Raasakka, Matti
(Helsingin yliopisto, 2009)
Our present-day understanding of fundamental constituents of matter and their interactions is based on the Standard Model of particle physics, which relies on quantum gauge field theories. On the other hand, the large scale dynamical behaviour of spacetime is understood via the general theory of relativity of Einstein. The merging of these two complementary aspects of nature, quantum and gravity, is one of the greatest goals of modern fundamental physics, the achievement of which would help us understand the short-distance structure of spacetime, thus shedding light on the events in the singular states of general relativity, such as black holes and the Big Bang, where our current models of nature break down. The formulation of quantum field theories in noncommutative spacetime is an attempt to realize the idea of nonlocality at short distances, which our present understanding of these different aspects of Nature suggests, and consequently to find testable hints of the underlying quantum behaviour of spacetime.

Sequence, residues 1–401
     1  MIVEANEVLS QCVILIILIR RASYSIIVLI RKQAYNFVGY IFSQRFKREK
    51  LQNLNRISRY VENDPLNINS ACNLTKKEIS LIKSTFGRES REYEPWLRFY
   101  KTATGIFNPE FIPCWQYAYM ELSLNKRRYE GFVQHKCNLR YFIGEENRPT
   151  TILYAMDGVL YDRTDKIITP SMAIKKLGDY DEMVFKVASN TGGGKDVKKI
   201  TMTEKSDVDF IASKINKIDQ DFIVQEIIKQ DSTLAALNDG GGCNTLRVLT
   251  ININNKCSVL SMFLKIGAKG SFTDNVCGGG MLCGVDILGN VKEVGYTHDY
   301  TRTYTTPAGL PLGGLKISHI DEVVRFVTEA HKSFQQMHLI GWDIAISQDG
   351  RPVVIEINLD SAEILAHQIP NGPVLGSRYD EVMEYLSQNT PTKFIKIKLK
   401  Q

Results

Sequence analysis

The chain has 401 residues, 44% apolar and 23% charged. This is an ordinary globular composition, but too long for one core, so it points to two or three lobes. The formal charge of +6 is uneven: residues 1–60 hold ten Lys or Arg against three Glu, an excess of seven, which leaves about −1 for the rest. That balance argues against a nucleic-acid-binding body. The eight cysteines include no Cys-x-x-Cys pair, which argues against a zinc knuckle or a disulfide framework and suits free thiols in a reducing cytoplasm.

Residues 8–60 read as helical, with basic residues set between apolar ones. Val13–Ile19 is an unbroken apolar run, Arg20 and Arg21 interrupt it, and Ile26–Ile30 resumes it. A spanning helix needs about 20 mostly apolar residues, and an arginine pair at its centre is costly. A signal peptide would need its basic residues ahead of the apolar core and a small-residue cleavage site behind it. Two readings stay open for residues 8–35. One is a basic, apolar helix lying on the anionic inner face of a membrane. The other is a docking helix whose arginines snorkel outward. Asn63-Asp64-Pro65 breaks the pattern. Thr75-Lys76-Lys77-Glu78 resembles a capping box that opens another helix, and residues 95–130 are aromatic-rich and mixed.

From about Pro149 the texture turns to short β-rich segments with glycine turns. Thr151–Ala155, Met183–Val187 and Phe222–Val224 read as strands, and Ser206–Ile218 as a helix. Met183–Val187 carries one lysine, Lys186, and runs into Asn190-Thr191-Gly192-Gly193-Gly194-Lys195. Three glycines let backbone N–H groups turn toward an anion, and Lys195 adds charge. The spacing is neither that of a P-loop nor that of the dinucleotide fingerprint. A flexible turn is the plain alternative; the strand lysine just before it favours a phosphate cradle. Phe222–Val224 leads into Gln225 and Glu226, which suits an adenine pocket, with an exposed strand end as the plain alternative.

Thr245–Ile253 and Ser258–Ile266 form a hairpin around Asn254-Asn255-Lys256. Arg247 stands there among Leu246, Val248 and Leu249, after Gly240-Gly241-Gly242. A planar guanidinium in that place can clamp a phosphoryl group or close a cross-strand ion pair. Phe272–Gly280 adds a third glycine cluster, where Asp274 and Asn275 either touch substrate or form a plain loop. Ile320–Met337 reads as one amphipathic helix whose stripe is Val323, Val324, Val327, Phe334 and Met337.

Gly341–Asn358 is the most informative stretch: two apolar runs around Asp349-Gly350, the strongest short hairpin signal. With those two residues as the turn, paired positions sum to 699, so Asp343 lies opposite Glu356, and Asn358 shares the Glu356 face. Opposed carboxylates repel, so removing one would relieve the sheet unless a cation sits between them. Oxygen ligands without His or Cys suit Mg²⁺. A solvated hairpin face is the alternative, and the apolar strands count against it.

The formulation of noncommutative theories encounters various unprecedented problems, which derive from their peculiar inherent nonlocality. Arguably the most serious of these is the so-called UV/IR mixing, which makes the derivation of observable predictions especially hard by causing new tedious divergencies, to which our previous well-developed renormalization methods for quantum field theories do not apply. In the thesis I review the basic mathematical concepts of noncommutative spacetime, different formulations of quantum field theories in the context, and the theoretical understanding of UV/IR mixing. In particular, I put forward new results to be published, which show that also the theory of quantum electrodynamics in noncommutative spacetime defined via Seiberg-Witten map suffers from UV/IR mixing. Finally, I review some of the most promising ways to overcome the problem. The final solution remains a challenge for the future.